Here on the Whitefish Chain, many of our favorite winter activities take place on the ice, whether it's ice fishing, hockey, skating, spearing, cross-country skiing or snowmobiling. But remember, before you head out on the ice, you'll want to be sure it's safe. The DNR always asks the public to remember that ice is never 100 percent safe, so it's important to remember ice safety as you venture out onto our frozen lakes.
After a string of cold-weather days last week, the area is starting to build ice. Some fishermen have started making their way onto the smaller lakes. However, as of Dec. 15, the Ideal SnoPros Snowmobile Club is reporting that the ice is not yet safe for snowmobiles.
While fun is the name of the game on the Whitefish Chain, safety always comes first. Remember that around the chain there are inlets, outlets and channels where the ice may not be safe. Channels can be especially dangerous. If you're out snowmobiling, be sure to pick up a trail map at any one of many local businesses. Maps will show the safe route around the lake and around channels, once the routes over the ice open up for the season.
Following are ice thickness guidelines as laid out by the DNR. Remember, these guidelines are for good, clear ice:
- 2 inches or less: stay off.
- 4 inches: safe for ice fishing or other activities on foot.
- 5 inches: safe for an ATV or snowmobile.
- 8-12 inches: safe for a car or small pickup.
- 12-15 inches: safe for a medium truck
White ice or "snow ice" is only half as strong as clear ice, so double these measurements if white ice is present.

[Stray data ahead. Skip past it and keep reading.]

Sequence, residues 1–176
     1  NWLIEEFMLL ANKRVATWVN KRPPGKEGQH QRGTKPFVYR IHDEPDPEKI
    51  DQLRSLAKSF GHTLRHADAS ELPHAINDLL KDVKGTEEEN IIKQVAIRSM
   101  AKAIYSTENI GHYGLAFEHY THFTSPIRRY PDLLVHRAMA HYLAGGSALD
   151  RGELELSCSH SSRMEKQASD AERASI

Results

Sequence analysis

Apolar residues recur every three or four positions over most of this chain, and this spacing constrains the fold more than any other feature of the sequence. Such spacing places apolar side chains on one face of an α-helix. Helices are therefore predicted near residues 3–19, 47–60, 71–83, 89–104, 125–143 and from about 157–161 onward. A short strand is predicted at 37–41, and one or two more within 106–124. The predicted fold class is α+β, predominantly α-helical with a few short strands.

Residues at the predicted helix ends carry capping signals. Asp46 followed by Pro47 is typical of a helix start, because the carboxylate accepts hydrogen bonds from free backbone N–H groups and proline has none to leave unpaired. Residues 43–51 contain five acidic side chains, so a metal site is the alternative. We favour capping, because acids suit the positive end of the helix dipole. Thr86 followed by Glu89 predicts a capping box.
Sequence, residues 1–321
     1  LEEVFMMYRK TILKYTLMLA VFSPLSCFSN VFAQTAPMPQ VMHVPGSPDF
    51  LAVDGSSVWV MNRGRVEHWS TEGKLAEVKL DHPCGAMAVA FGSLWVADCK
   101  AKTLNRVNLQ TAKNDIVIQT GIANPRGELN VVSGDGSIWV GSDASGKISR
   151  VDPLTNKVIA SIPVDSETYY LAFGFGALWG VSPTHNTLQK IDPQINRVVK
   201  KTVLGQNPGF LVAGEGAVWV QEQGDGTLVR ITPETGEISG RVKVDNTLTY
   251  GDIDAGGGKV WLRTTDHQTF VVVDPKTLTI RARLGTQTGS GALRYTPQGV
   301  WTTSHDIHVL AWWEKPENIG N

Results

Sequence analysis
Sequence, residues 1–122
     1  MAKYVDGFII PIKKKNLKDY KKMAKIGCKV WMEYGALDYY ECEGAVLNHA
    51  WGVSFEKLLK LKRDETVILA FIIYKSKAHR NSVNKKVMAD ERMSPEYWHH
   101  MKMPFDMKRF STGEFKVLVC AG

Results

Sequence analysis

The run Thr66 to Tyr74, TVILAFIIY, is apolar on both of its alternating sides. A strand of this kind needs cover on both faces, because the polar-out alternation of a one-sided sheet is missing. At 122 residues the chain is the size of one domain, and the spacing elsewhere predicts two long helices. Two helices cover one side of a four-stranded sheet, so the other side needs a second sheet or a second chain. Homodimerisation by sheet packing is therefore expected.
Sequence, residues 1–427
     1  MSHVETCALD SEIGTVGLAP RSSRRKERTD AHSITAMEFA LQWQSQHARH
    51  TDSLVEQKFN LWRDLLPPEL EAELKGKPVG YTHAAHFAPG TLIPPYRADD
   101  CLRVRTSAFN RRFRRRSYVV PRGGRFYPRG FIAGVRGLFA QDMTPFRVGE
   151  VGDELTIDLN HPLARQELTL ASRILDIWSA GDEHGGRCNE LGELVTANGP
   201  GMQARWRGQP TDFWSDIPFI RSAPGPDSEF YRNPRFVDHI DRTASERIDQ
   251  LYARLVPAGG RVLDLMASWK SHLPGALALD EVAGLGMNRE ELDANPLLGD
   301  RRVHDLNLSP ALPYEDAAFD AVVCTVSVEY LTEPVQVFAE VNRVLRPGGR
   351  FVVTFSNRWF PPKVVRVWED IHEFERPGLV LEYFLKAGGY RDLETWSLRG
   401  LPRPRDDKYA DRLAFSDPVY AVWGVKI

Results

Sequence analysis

Before going out on the ice, check with a local fishing guide or bait store to make sure the ice is adequately thick. When you head out onto the ice for the first time, bring a method for measuring. Some carry a cordless drill and measuring tape to drill into the ice. Others use a chisel (spud) and check the ice every so often. Ice augers are another way to check the ice- and if you're headed out fishing, you probably already have one with!
It's important to remember that even if the ice is thick in one area, it may be much thinner in another area due to water currents. Check the ice frequently as you move across the lake to ensure your safety.
An ice safety kit is also a good idea. The kit should include ice picks, rope, an ice chisel and a tape measure. Wearing a life jacket onto the ice is another safety measure that is simple and can be a lifesaver.
On the Whitefish Chain, the outdoors are our greatest asset. Even though they come with a little risk, don't hesitate to get outside and have some fun- just remember ice safety when you do.